Insurers initially turned to salvage as a solution when body shops and repairers struggled to secure parts amid Covid-19 pandemic

The widely reported dip in motor claims, linked to the government’s national Covid-19 lockdown regime, has had a knock-on effect on those working in the salvage industry as part of insurers’ supply chain.

Jane Pocock, managing director at Copart UK, for example, says the firm’s workload is now one-quarter of its pre-coronavirus levels – the company is collecting around 650 cars a day as of May 2020, compared with between 2,000 and 2,500 daily collections prior to the coronavirus outbreak.

Despite this decline, Pocock has noted an increased interest in salvage as a result of the Covid-19 pandemic. This is primarily because of the transportation issues many repairers are experiencing in terms of sourcing parts.

She says: “We’ve seen a slight increase [compared with claims volumes] because insurers have decided not to repair everything they may have previously repaired. We were still quite surprised, when you look at how empty the roads are. To think that we can still be picking up 600, 700 cars a day just seems utterly crazy, but people are driving faster and some of the workers that are deemed essential would be driving around in potentially lower value cars, which automatically puts them into the total loss, uneconomic to repair ratios.

“In the first three weeks [of lockdown], we were collecting a lot more vehicles from recovery agents and body shops, where  insurers took a decision to salvage the vehicle rather than repair it.”

But, as prime minister Boris Johnson announced an easing of lockdown measures this May, Pocock is already seeing a return to normality as body shops re-open and insurer decisions again focus on repairs.

“Initially, when the government put [out] the instruction ‘you must absolutely stay at home’, most businesses that required people to be on-site to function just sent everybody home and closed down, for instance, the body shops and the parts suppliers. So things became very quiet for the first three weeks of lockdown, and now we’re seeing the body shops returning, opening some of their facilities and we’re seeing parts suppliers return to pretty much normal,” she says.

Organisational action

But how has Copart UK specifically responded to the coronavirus crisis?

For Pocock, being part of a worldwide, technologically driven company has been a huge advantage – Copart UK’s online global auction, for example, has gained greater popularity because of its digital sales process. Although cars sold at auction can no longer be collected at Copart’s yards, which have been closed to the public to adhere to social distancing, the company instead delivers the vehicles.

“The blessing of being part of a global company [is] that our business continuity plan had tested all environments, including our offices being unavailable. So we just invoked plans where our staff could work from home,” Pocock says.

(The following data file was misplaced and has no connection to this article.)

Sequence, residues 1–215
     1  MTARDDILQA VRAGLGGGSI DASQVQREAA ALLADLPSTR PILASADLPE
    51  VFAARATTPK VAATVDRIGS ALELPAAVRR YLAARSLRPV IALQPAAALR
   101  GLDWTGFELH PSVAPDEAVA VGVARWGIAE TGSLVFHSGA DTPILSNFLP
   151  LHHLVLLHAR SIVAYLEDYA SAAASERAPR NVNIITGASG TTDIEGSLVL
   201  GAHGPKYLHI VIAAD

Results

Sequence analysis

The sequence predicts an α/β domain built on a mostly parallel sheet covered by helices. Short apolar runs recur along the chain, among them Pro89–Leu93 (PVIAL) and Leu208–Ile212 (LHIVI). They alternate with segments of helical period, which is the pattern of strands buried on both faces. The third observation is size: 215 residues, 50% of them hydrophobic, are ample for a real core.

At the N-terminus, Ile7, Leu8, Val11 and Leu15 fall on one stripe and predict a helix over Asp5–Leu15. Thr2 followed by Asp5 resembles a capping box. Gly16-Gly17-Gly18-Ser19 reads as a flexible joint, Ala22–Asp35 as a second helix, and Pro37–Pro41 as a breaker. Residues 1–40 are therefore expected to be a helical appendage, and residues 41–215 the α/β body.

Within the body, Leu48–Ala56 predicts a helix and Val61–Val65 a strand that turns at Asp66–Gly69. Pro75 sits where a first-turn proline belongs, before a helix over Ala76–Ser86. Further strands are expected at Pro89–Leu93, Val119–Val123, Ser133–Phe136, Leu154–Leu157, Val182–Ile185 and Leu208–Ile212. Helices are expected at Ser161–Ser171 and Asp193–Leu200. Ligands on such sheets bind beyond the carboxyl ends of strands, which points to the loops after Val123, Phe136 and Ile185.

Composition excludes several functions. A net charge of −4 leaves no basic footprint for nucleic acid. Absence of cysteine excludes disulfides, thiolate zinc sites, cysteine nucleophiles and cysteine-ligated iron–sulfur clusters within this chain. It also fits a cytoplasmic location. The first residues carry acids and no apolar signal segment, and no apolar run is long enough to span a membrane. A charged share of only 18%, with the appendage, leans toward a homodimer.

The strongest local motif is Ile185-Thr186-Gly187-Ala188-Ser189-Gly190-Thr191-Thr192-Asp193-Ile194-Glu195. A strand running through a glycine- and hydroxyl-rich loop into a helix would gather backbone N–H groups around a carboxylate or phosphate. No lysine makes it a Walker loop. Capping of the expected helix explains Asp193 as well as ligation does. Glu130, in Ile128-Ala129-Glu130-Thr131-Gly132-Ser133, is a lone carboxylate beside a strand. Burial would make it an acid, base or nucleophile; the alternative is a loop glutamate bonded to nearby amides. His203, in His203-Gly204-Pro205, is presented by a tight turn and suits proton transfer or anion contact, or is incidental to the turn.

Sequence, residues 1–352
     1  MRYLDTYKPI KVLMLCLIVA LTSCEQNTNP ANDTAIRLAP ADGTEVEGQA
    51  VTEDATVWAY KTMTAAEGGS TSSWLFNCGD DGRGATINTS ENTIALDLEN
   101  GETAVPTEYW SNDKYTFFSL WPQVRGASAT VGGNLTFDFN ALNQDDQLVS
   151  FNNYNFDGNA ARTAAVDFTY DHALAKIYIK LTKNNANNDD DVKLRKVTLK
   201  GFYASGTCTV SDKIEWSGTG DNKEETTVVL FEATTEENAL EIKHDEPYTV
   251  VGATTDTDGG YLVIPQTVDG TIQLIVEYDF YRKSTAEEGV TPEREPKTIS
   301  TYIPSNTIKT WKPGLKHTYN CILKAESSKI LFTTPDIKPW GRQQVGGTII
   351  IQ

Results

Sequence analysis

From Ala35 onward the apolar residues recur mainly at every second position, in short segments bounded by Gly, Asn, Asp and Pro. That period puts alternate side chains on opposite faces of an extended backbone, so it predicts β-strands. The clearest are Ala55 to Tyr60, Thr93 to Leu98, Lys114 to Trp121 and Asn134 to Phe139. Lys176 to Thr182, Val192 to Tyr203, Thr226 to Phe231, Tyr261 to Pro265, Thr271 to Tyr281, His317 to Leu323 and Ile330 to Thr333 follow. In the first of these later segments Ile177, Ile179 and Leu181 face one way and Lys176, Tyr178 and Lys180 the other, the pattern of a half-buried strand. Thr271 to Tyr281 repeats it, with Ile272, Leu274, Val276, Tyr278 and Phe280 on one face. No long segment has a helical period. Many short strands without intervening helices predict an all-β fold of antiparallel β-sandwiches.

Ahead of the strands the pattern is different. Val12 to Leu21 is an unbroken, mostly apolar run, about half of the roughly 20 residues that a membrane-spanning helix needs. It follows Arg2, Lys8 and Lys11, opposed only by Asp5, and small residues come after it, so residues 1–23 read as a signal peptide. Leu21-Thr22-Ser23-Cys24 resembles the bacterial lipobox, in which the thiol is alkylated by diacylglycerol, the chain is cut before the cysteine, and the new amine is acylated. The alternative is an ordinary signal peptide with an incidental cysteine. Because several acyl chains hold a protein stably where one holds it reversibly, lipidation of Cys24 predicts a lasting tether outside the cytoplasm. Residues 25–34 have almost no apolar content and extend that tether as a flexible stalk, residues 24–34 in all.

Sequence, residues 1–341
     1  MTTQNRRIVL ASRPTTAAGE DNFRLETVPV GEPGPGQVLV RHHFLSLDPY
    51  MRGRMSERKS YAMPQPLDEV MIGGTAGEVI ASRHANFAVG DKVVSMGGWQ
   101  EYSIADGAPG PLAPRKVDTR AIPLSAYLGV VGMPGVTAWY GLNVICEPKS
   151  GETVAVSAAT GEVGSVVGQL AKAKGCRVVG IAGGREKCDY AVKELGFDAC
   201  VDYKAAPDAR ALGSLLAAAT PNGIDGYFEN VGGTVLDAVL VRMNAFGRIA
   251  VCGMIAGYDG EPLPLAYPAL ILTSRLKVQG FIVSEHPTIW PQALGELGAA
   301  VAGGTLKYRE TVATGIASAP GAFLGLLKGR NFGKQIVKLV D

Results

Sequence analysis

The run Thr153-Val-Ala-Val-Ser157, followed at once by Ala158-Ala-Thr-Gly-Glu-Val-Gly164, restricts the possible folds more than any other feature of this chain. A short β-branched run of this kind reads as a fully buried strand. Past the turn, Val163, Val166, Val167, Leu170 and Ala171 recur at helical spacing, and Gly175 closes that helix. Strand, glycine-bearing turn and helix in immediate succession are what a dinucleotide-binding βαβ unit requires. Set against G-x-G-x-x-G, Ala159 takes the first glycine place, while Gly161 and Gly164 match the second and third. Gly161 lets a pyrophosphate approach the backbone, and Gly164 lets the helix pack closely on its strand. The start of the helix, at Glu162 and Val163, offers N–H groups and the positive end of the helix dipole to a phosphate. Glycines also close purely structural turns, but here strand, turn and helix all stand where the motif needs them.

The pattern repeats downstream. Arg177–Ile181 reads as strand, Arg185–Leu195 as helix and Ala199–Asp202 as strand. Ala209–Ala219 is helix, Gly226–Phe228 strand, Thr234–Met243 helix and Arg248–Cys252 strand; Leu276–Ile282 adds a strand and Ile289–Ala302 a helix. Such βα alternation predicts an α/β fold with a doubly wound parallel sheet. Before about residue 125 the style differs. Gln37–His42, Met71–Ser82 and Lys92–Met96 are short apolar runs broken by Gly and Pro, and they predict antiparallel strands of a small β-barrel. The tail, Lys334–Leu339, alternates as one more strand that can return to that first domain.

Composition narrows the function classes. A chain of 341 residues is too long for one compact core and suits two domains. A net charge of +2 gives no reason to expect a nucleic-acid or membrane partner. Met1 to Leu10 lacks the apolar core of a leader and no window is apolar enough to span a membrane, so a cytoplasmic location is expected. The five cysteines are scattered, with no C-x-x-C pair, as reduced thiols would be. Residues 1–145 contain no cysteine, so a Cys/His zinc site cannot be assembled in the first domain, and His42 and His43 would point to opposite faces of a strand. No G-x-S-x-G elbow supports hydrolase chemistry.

Those staff remaining on-site are provided with personal protection equipment (PPE) and have plenty of space to maintain social distancing as well as move vehicles, which have to undergo a quarantine process on arrival.

A further string in the organisation’s bow is the “strong” relationship it has with insurers, Pocock adds.

“Our relationship with all the insurance companies we deal with is very strong. We’re very integrated into their supply chains and so we’ve had tremendous support from them,” Pocock continues. “At a time when a lot of things have slowed right down, we’ve been able to still provide good returns to them for their salvage values, because the upside is that our auction has been incredibly active as there are so many people sitting at home with not much else to do.

“As a whole, we’ve seen really great relations. We have to have keys and documents for cars and the insurers have had rotas in place to go to their offices to handle post in a bio-secure way and send the documents and keys to us – we’ve put in protocols that you wouldn’t normally have to worry about.

“We’ve been working closely with [insurers] and I think one or two have been less advanced with their technology in that they’ve had to have people working in offices, just on rotas and socially distanced, but I would say the larger ones have certainly been really well equipped to have organised home working.”

Behaviour change

Pocock predicts that, post-coronavirus, there will be a change in customer behaviour that will affect the motor market.

“There will be people that will have had their jobs affected by this, so they’re going to be out of work for a period of time, potentially remaining at home. There will be workers that will stay working from home because companies will work differently.

“Then there’ll be people that are not prepared to use public transport because they’re still at risk or feel vulnerable; they will genuinely change their travel habits. That will drive people more into cars that previously would have used public transport.

“The longer this lasts, the more permanent changes will come into effect.”


  • 2019, joined Copart as UK managing director.
  • 2009, set up Vansdirect, an online vehicle retailing business.
  • 2007, left the AA to do consulting work in the Middle East.
  • 1989, began career at the AA, where she stayed for 17 years.